Florida Atlantic University has laid out a plan to fire communications professor James Tracy for being a Sandy Hook "truther."
In December 2012, Adam Lanza killed dozens at Sandy Hook Elementary School in Newtown, Connecticut, but Tracy doesn't believe the shooting actually happened. On his website, Tracy often refers to the shooting as a "hoax" and part of large government conspiracy. He feels similarly about other mass shootings, most recently the San Bernardino attack that left 14 dead.
Fifteen of the posts on Tracy's website mention Noah Pozner, a 6-year-old who was killed in the attack. Pozner's parents, Lenny and Veronique, wrote a story in the Sun-Sentinel about Tracy earlier this month, in which they detail their interactions with him.
"Tracy is among those who have personally sought to cause our family pain and anguish by publicly demonizing our attempts to keep cherished photos of our slain son from falling into the hands of conspiracy theorists," the Pozner family wrote. "Tracy even sent us a certified letter demanding proof that Noah once lived, that we were his parents, and that we were the rightful owner of his photographic image. We found this so outrageous and unsettling that we filed a police report for harassment."
In their article, the Pozner family argues Tracy has “achieved fame among the morbid and deranged precisely because his theories were attached to his academic credentials and his affiliation with FAU.” The university previously reprimanded Tracy in 2012 for comments related to his Truther beliefs but was not fired at the time.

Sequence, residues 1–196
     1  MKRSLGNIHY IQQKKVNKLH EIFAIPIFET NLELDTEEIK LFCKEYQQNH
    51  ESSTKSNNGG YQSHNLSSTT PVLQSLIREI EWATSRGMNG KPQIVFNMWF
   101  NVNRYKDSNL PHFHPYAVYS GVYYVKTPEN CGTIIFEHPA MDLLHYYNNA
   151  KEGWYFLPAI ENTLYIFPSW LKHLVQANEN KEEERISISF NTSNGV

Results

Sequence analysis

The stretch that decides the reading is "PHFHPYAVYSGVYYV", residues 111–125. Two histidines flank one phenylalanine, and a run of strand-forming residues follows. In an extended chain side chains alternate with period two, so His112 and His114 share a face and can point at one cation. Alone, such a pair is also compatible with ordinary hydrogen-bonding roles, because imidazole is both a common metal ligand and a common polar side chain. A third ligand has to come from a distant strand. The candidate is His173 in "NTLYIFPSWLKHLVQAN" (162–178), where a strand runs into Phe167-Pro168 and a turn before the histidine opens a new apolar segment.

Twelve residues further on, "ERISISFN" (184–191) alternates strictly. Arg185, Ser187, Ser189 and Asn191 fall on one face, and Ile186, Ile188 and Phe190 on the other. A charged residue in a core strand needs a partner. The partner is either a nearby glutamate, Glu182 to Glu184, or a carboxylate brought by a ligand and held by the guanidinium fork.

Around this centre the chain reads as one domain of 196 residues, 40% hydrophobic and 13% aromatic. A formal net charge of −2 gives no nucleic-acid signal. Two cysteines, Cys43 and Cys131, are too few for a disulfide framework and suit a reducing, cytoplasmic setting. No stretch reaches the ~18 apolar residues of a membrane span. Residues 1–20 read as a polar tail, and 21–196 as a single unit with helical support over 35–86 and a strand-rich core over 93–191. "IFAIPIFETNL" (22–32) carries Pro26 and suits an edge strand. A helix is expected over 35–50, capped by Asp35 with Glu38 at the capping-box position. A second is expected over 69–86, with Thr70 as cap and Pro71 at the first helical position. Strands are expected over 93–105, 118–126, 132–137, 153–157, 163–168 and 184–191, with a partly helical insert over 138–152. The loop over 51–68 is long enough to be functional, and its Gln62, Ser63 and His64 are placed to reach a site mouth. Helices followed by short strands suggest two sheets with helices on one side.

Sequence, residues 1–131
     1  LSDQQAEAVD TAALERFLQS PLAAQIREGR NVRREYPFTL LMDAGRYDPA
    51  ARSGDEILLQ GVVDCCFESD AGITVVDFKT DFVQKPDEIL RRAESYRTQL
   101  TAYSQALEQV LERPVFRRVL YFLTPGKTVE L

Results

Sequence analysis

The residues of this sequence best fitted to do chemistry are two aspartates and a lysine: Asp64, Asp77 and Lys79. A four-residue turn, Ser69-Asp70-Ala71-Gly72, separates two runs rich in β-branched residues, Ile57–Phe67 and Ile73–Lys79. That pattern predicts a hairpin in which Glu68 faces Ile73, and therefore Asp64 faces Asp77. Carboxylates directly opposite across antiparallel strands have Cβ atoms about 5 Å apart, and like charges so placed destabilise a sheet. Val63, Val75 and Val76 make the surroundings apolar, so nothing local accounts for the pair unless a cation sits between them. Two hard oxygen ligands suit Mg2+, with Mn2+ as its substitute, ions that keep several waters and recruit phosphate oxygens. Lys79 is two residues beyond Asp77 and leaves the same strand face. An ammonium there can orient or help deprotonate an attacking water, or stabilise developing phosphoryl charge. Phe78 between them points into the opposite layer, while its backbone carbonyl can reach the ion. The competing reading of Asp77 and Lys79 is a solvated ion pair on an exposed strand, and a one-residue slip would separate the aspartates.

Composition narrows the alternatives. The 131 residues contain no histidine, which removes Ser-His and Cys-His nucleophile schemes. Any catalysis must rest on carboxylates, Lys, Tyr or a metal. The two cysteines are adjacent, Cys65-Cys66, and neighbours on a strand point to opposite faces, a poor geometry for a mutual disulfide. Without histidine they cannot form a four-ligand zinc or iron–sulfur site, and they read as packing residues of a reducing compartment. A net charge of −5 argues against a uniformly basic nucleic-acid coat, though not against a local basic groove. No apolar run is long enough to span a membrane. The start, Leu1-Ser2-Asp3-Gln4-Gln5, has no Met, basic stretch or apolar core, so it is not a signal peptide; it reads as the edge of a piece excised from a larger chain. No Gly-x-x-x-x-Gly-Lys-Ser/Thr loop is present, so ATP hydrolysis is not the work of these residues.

After the paper published Pozner’s article, the university said in a statement on Wednesday that it is reevaluating its relationship with Tracy:
In light of numerous requests from media outlets and the public, the University makes the following statement:
Today, James Tracy, an associate professor in the School of Communication and Multimedia Studies, was served a Notice of Proposed Discipline—Termination by the Vice Provost for Academic Affairs at Florida Atlantic University.
In accordance with the University’s Collective Bargaining Agreement with the United Faculty of Florida union, by which the University and James Tracy are bound, faculty who receive such notice are afforded a grievance process. James Tracy has 10 days to respond to the notice after which final action may be taken.
In accordance with university practice regarding personnel issues, the university will make no further comment for the time being.
In light of the school’s decision, the Pozner family says it is “relieved that truth and honor prevailed.”
The Sentinel noted Tracy could not be reached for comment when the school made its announcement. But he has previously faced off against the publication. In 2013, Tracy wrote on this website that the paper “repeatedly attacked my person and character” and challenged the newspaper’s staff to a “public debate on the veracity of either Sandy Hook or the Boston Marathon events as related by government and law enforcement agencies.” The newspaper declined his request for a debate, citing simply, “That’s not what newspapers do.”
Speaking with the New York Daily News, Tracy said: “I think what this really involves is a matter of free speech. All I’ve done is to delve into the Sandy Hook event. I think the work I’ve done stands up.” He plans to fight the university’s proposed termination.
Tracy is not the only truther the Pozner family has squared off against. A story by The Trace in December analyzed Lenny Pozner’s experience with Wolfgang Halbig, whose representative said Halbig refused to speak to Pozner in person unless he dug up Noah’s body to “prove to the world you lost your son.”
As Pozner put it in an interview with The Trace: “I’m going to have to protect Noah’s honor for the rest of my life.”